Nonito Donaire made history this past weekend, claiming the WBC bantamweight title with a fourth round finish of Nordine Oubaali.
The win improved the 38-year-old Donaire’s record to 41-6 and was his 27th career knockout. Oubaali suffered his first career loss in 18 bouts.
“The king has returned,” Donaire beamed afterward. “I just love the crowds. All my friends, family, all the boxing fans that came out thank you so much. You guys are wonderful.
“Being at this age is not the question, it’s about my performance. About my ability to grow. I believe it matters not what your age is but how mentally strong you are. What I learned from the [Naoya] Inoue fight is that I’m back. I can still compete at this level. The whole time I was not fighting, I was learning. I’m ready for the next one.”
Following a feel-out first round, Donaire went to work in the second, walking Oubaali down and countering with thudding effect. Donaire scored the first knockdown early in the third, dropping Oubaali with his trademark counter left hook. The Frenchman rose on unsteady legs and Donaire pounced, landing more big shots until another left hook floored Oubaali just a split second before the round ended. Again, Oubaali struggled to his feet, dazed yet willing to fight on.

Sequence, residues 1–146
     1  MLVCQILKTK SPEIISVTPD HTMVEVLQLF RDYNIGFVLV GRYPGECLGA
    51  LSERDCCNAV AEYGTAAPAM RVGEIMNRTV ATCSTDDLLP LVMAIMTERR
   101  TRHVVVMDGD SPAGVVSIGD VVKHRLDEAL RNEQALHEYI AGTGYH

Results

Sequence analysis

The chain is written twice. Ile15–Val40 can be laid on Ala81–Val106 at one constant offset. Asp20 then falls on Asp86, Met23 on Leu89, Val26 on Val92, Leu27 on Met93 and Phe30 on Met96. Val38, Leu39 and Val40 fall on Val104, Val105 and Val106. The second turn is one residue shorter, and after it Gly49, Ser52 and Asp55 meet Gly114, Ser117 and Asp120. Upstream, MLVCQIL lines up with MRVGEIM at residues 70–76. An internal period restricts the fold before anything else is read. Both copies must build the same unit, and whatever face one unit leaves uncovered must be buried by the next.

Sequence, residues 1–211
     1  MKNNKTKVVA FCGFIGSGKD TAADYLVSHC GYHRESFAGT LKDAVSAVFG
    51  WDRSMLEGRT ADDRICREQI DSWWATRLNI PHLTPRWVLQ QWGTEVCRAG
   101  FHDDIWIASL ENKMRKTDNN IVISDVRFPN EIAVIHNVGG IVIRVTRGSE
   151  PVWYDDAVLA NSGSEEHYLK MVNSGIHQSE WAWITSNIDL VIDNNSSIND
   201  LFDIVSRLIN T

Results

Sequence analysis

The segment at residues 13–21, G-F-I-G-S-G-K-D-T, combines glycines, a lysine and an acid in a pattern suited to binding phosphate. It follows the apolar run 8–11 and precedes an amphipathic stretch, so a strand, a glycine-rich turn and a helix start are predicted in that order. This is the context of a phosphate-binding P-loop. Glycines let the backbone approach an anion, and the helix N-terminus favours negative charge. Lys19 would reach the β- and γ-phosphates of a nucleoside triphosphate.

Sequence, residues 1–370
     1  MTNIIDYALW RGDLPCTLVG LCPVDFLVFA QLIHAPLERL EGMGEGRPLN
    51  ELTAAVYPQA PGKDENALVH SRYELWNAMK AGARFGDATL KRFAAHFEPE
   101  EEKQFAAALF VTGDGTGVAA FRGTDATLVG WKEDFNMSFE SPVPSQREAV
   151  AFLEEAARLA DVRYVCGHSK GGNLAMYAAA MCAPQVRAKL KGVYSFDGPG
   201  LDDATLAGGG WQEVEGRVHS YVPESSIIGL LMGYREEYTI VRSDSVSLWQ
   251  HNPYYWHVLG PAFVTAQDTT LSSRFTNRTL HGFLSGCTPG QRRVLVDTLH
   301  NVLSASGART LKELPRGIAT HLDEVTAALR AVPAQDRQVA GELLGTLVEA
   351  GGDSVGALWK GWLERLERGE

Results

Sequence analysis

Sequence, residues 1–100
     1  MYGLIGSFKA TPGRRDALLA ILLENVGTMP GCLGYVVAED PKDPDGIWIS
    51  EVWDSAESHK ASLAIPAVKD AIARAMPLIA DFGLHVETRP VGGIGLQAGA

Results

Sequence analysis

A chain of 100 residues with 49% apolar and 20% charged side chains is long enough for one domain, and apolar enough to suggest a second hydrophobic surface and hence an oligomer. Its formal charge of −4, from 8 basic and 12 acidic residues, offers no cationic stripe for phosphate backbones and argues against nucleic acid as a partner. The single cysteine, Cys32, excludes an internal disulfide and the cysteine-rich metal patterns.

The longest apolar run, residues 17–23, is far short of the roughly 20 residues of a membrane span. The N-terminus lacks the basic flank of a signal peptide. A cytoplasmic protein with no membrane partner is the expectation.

The end came swiftly in the fourth. Donaire expertly maneuvered Oubaali around the ring, pinning him against the ropes where a left uppercut sent Oubaali crumpling to the canvas for a third and final time. Referee Jack Reiss immediately called it off. Official time of the stoppage was 1:52 of the fourth round.
Subriel Matias earned a victory over Batyr Jukembayev in the co-main event, moving to 17-1. The loss was the first for Jukembayev in 19 pro bouts.
“I think this is what everybody expected. Everybody knew it was going to be a great war,” said Matias. “This was going to end by knockout whether I was going to get knocked out or Jukembayev was going to get knocked out. I’m just glad it was me who knocked him out.”